Signage in Bungendore, part of a campaign to stop the development of a large supermarket in the town. Photo: Rohan Thomson
An extraordinary meeting, packed council gallery and 2000-signature petition have not resolved a contentious battle at Bungendore over two heritage-listed cottages, which could be removed to make way for a new supermarket and car park.
Many residents in the fast-growing village who have signed the petition say Gibraltar Street is more appropriate for a new supermarket, and that the two heritage cottages in Malbon Street, which forms part of the Kings Highway route to the south coast, should be retained.
When councillors, including Cr Garth Morrison, moved at a recent council meeting to cancel development applications in Malbon Street in order to save the cottages, they were voted down five to three.
''All of us want a supermarket, and the community wants a bigger supermarket too,'' Cr Morrison said.
''They just don't want it at the expense of our heritage-listed cottages.''
Deputy mayor Cr Paul Cockram, who lives at Mongarlowe, east of Braidwood, said the council was trying to get the best outcome and site for the supermarket.
''If it is decided the cottages will stay, we'll go back to plan A, which is to sell the blocks and let the market decide what happens to the houses.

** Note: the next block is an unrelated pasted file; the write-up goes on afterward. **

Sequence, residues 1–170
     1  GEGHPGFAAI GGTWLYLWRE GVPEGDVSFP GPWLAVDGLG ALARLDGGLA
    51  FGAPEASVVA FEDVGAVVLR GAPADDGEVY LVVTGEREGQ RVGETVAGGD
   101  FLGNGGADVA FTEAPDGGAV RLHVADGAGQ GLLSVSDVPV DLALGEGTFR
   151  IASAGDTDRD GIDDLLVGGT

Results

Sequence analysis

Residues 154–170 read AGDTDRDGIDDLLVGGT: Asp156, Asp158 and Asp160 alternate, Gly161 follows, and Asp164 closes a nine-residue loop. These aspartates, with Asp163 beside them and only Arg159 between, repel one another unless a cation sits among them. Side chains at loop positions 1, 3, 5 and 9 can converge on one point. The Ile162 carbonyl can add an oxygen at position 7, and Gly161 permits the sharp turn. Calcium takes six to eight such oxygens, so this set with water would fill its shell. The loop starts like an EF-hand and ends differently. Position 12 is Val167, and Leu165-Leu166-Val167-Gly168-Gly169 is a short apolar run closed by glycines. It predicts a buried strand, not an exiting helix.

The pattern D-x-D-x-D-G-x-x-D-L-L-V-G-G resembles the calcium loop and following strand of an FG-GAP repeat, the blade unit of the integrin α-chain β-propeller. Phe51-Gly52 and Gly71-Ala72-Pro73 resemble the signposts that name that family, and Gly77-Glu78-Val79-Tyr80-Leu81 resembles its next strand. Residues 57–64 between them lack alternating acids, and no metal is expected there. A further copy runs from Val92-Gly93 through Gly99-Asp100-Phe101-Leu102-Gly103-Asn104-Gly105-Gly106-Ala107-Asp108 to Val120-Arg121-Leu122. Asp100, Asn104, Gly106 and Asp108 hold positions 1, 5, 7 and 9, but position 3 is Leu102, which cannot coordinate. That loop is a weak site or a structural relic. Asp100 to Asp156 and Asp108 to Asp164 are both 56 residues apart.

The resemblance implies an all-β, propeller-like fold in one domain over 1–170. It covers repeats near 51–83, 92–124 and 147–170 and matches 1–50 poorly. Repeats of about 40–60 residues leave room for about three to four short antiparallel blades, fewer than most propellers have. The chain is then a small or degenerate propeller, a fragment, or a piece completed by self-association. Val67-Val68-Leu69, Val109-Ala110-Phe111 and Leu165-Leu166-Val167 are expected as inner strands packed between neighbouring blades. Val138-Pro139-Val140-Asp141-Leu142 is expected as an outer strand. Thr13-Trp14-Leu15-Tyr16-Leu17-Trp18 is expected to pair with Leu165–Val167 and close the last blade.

''I think everything has an important heritage value. If you drive through Bungendore at the moment, to my eye anyway, there seems to be a nice mix of new houses and old houses.
''I don't think you have to fight for every single house. The only measure of a successful and vibrant community is not to fight for every single house.
''I am not saying the houses should be demolished, I think we should wait and see what the council decides there.''
Bungendore resident Maureen Elgood said out-of-town councillors did not share village residents' affection for the village's heritage.
Mrs Elgood said about 150 people had attended the council meeting, and coupled with the petition, it showed the depth of feeling in Bungendore.
''People are saying this is not planning, it is ad hoc,'' she said.
''There's not a lot of trust for what the council is doing.''
Councillors can still save the cottages when development applications come back to the council after being independently reviewed.
Despite losing a rescission motion, Cr Morrison remains confident the cottages will be saved thanks to the weight of signatures on the petition.
''I struggle with the concept that we [the council] own that land, we want to develop that land and we have heritage-listed those homes and we want to demolish them.
''We are judge, jury and executioner on those cottages. I am uncomfortable with that.''